Sen. Janelle Sarauw, chairperson of the Rules Committee, makes a comment during discussion of her bill seeking to change the composition of Magens Bay's Board of Directors.

V.I. lawmakers clashed with the Magens Bay Authority on Thursday over a measure seeking to change the composition of its Board of Directors, with senators claiming the board’s self-perpetuating membership has left it resistant to change and out of sync with the community.

Bill 33-0374, which unanimously passed the Senate Rules and Judiciary Committee and now moves to the full Senate body, strips away a longstanding policy of the board that allows members to serve indefinite six-year terms, and get appointed and reappointed by the board itself.

The bill reduces terms to three years and requires members to be appointed and reappointed by the governor. The bill also requires members to have certain backgrounds and areas of expertise, like environmental conservation, hospitality and small business.

The goal, according to bill sponsor Sen. Janelle Sarauw, is to diversify and open up a board, which, for years, has been viewed as an isolated and exclusive club, one with little urgency to enhance the cultural and historical aspects of the territory. The senator pointed to the Magens Bay concession, which has been operated by the same entity for more than 30 years, and how the board continues to drag its feet in finding new vendors who could provide more local Caribbean food. She also pointed to the dearth of attractions at the beach that could showcase the territory’s culture, arts and history.

“If the board was open to change, there would be no need for this legislation today,” Sarauw said.

While other lawmakers agreed, Magens Bay Authority Chairperson Katina Coulianos was adamantly opposed, insisting the bill was not in keeping with the original intent of philanthropist Arthur Fairchild, who deeded Magens Bay to the territory in 1946. “He did not want it to be subject to political influence and interference, which is why there is a limit on positions held by government officials and why appointments are not made by politicians,” said Coulianos, referring to the bill’s call to have the governor choose members. “Short terms lead to lack of continuity, and political appointments lead to self-interest, not the interest of the people.”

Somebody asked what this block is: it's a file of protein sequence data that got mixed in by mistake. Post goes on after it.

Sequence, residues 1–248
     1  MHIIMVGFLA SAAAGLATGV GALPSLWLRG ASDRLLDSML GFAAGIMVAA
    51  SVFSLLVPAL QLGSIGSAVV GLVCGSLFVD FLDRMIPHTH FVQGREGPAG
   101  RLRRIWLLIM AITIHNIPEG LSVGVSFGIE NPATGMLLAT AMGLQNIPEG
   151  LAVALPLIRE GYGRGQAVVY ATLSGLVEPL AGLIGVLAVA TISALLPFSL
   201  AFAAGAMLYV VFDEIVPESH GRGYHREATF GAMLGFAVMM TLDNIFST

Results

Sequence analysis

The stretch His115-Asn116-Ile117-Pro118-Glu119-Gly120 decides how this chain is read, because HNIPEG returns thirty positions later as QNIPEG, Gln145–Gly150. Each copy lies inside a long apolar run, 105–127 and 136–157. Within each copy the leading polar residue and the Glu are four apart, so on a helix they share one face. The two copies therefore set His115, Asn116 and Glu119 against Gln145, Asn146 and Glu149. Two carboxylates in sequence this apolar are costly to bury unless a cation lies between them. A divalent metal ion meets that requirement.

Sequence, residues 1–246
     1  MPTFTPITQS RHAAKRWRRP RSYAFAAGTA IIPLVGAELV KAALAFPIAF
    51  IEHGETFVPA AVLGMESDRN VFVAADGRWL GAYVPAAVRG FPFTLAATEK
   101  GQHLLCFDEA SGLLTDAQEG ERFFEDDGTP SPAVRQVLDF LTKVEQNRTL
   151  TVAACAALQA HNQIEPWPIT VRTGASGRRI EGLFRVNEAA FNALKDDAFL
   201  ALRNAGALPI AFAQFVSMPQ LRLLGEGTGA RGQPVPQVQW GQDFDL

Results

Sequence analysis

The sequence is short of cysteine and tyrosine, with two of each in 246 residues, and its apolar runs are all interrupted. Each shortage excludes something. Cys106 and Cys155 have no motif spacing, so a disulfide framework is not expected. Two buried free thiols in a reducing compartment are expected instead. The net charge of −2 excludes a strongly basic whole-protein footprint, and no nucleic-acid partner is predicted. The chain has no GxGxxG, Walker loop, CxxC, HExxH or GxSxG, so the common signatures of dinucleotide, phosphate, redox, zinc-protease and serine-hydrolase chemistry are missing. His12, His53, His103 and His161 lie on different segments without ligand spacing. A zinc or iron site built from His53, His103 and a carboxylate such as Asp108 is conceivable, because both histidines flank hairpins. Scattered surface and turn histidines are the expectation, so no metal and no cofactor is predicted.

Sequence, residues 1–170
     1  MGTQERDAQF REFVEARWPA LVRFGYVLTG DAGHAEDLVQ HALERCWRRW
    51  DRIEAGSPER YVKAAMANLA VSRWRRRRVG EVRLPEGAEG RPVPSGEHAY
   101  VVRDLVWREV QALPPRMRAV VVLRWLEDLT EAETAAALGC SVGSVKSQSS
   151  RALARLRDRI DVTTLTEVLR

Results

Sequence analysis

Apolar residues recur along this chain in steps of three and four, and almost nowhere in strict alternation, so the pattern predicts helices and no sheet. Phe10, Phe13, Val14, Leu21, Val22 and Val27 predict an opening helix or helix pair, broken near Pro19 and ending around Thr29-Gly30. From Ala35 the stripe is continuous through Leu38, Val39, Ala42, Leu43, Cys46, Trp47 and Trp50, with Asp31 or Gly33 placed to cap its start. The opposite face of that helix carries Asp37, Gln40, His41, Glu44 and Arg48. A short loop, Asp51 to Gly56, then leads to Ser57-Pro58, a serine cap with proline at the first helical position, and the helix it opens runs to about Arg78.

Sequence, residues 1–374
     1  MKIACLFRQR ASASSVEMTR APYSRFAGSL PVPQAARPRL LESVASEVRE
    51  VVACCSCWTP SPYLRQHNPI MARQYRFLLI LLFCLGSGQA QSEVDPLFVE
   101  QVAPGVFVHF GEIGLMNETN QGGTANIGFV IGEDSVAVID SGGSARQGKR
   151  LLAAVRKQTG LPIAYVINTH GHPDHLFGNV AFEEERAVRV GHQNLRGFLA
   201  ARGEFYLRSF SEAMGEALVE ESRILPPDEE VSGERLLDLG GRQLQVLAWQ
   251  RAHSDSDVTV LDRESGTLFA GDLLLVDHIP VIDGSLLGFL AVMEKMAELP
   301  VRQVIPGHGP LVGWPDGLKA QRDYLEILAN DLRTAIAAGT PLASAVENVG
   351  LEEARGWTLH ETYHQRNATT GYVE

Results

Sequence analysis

Coulianos added that board members, while currently selected by word of mouth and board recommendations, are already diverse in trade and well qualified. Further, she said getting rid of the “self-perpetuating feature” could subject the board to the same fate as other boards in the territory, where members are appointed at a snail’s pace or not at all. “The net result will be poor leadership and a physical decline in all Magens Bay properties and the deterioration of this product and resource which the government so often relies on to promote the Virgin Islands,” she said.

Attorney Mark Hodge, who represents the Magens Bay Authority, went one step further, calling the bill in question “unconstitutional.”

Citing an annotation in the V.I. Code, Hodge said a previous V.I. attorney general issued a formal opinion that when property is donated for charitable purposes, and includes the formation of a board, there is a constitutional bar on the Legislature or any entity from unilaterally modifying the composition and continuity of that board.

“This legislation attempts to change the board, which is exactly what the grant does not permit,” he said. “It’s an unconstitutional effort and it’s been tried before and failed.”

Sarauw pushed back that the Legislature has the authority to nullify an opinion with new legislation enacted into law.

Sens. Steven Payne Sr. and Kurt Vialet said the argument about political appointments didn’t hold water, since even current members were former government officials or had close affiliations with administrations.

“The board already reeks of politics,” Vialet said.

Voting in favor of the bill were Sarauw, Payne and Sens. Novelle Francis Jr., Myron Jackson and Javan James Sr.

Sarauw said she will bring an amendment to session that will require the governor to appoint one member with expertise in environmental conservation, agroforestry or forestry; one member from the hospitality sector; one member from the small business sector; one private citizen; and a proxy appointment. The final two members will be private citizens appointed by the board through an interview process.

Current board members will be able to serve the remainder of their terms following the bill’s passage.

— Contact A.J. Rao at 340-714-9104 or email

— Contact A.J. Rao at 340-714-9104 or email